Whether temperatures are falling or you’re already swirling in a polar vortex, here are 15 cold-weather classic cocktails to warm your spirits.
Sources: Esquire, Martha Stewart Living
A variation of the martini, the tuxedo is strained over ice but has enough of a warming effect to be a winter staple. Like a true martini, it is served bone dry, but the vermouth found in a martini is replaced with sherry in the tuxedo, which is always made with gin and orange bitters. Shake two ounces of dry gin with one ounce of dry sherry and a dash of orange bitters. Strain and serve in a martini glass.
Dating back to the 19th century, this is an old fashioned-style drink that incorporates wine, sugar and a few other ingredients into a drink created to warm you up on a freezing cold day. Check out Esquire’s recipe here.
This cocktail dates back to the time of Charles Dickens, and involves combining lemon, sugar, ruby port wine and hot water — it’s the original mulled wine. Check out out the full recipe from Esquire Magazine here.
Another classic cold weather drink — it’s considered a cure all in some places — and is actually made with butter. Basically you just combine hot water, a few pats of butter, sugar and two ounces of dark rum in a pot and heat. Serve with a nutmeg and cinnamon garnish.
My favorite cold weather drink combines hot coffee with whiskey, sugar, and cream. For true decadence and a bit more kick, substitute the cream with Bailey’s Irish Cream liquor. Now that is a tasty drink that’s easy to make and it’s served around the world.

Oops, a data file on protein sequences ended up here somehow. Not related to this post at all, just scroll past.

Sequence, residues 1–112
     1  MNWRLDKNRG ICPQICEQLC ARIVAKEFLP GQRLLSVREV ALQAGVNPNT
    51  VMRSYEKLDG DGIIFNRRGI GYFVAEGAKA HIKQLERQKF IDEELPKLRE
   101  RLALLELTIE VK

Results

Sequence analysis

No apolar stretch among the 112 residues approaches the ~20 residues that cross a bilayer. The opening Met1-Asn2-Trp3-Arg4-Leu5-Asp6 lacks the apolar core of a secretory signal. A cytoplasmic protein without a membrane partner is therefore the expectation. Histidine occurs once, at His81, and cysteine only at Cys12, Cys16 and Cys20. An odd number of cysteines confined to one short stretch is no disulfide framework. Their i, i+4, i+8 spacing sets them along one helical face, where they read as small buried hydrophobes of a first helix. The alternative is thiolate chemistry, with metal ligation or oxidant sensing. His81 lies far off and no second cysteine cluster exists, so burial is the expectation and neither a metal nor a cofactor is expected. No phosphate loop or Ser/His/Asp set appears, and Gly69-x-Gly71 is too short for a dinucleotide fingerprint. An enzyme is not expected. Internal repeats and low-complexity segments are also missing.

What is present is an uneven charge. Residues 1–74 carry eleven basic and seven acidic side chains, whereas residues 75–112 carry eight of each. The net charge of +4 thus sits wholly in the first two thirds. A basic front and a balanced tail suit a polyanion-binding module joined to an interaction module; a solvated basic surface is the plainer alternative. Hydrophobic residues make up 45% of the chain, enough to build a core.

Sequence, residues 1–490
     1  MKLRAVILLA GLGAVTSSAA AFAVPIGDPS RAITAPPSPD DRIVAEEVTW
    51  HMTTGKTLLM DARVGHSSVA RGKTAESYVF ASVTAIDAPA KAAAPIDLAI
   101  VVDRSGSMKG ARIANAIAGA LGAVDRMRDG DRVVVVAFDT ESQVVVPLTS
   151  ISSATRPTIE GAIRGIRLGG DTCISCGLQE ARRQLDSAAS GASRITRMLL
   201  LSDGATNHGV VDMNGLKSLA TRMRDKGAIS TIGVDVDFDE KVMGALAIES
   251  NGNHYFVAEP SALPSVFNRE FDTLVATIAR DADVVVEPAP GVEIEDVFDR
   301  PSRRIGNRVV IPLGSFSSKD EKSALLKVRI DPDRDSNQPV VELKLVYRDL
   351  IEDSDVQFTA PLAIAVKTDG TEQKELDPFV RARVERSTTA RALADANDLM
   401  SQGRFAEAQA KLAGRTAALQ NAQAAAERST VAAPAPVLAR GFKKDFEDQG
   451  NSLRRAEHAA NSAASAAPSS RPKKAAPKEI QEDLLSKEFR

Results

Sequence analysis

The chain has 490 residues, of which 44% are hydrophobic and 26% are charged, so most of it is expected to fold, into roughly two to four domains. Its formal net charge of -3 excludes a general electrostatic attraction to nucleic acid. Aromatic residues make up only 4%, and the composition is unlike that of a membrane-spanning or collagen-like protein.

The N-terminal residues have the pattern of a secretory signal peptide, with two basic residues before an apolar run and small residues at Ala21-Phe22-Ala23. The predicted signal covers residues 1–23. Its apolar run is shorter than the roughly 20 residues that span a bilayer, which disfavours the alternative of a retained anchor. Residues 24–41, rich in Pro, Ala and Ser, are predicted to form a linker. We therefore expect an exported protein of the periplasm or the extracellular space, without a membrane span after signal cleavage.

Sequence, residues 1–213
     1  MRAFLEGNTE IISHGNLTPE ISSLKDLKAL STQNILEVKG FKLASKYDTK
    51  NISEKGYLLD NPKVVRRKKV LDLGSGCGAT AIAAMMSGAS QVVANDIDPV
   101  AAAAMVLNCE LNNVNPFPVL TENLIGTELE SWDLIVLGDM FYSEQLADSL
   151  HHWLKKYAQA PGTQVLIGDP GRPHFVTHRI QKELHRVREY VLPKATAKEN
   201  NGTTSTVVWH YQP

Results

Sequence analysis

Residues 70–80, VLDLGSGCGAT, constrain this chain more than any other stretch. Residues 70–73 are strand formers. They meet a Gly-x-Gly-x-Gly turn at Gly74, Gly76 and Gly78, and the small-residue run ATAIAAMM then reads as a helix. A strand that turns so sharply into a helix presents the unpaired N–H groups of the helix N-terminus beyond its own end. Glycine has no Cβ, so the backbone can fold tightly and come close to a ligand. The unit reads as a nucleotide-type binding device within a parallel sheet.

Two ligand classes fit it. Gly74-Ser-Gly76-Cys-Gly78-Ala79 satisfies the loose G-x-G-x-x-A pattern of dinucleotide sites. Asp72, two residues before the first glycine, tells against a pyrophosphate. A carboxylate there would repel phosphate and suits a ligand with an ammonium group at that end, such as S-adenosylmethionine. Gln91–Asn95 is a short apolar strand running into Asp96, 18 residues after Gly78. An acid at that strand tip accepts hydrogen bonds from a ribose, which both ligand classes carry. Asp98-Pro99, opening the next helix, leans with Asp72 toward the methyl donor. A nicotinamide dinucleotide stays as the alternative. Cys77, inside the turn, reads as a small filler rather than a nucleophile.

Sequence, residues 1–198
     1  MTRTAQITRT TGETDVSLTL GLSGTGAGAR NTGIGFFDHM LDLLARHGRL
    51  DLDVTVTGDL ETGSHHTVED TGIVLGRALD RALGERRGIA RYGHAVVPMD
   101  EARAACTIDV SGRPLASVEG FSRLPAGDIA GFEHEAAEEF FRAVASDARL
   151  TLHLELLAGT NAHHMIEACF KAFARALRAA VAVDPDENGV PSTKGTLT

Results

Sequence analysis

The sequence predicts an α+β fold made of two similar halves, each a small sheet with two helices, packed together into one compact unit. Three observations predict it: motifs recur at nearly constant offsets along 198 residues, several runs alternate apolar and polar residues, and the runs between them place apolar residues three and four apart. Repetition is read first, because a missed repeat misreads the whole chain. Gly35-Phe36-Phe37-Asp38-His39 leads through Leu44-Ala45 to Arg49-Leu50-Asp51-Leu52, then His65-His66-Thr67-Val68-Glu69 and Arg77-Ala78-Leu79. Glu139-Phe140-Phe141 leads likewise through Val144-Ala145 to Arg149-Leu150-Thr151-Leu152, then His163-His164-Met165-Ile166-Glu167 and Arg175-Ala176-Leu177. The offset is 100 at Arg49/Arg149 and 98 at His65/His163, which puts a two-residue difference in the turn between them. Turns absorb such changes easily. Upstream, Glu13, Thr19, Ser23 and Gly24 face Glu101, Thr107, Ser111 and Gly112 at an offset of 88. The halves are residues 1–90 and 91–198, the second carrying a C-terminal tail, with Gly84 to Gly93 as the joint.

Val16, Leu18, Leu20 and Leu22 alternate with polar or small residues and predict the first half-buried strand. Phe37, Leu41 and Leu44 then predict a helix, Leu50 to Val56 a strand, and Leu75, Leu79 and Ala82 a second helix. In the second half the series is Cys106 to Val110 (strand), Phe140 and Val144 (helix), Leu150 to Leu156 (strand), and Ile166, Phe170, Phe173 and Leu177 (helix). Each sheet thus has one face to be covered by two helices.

This cocktail was a holiday staple until the 1950s, when it fell out of favor a bit. Invented in 1850 in St Louis, it combines eggs, milk, rum and spices. See here for the full recipe.
This recipe dates back to 1895 and the Ivy League University where it was invented. To make a Harvard combine 1.5 ounces of cognac, an ounce of Italian vermouth and three dashes of angostura bitters in a shaker with cracked ice. Stir and strain.
Also dating back to 1895, the Brain Duster is a combination of rye whiskey, vermouth and absinthe for a knock-out warmup. See here for the recipe.
If you prefer scotch to rye whiskey, then make yourself a Glasgow. Like the Brain Duster, it also incorporates absinthe and dry vermouth but adds scotch and bitters for a different taste.
Esquire calls this recipe “liquid Ambien.” Judging from the recipe, that sounds pretty accurate.
Get your ‘nog on this holiday season with this recipe that uses 12 eggs and heavy cream along with cognac, rum and nutmeg. Here’s the recipe from Esquire.
Who doesn’t love a hot toddy when they’re not feeling well? Traditionally made with rye whiskey, you can actually use any liquor, and combine it with hot water, lemon, sugar cubes and cinnamon. Here’s the full recipe.
An oldie but goodie, the Manhattan keeps you warm by serving you a blend of three liquors. To make a classic Manhattan stir two ounces of rye whiskey with one ounce of sweet vermouth and two dashes of angostura bitters in a shaker with ice, then strain and serve in a cocktail glass.
Rye whiskey, Grand Marnier, grenadine and an egg white are mixed together to create this sweet cocktail. Here’s the recipe.
Thanks to Esquire Magazine for this Christmas rum punch recipe. If you’re sharing it with a crowd, you can make it with six oranges, a handful of cloves, a bottle of rum, half a cup of fine sugar and half a gallon of sweet apple cider. For the full recipe from Esquire, click here.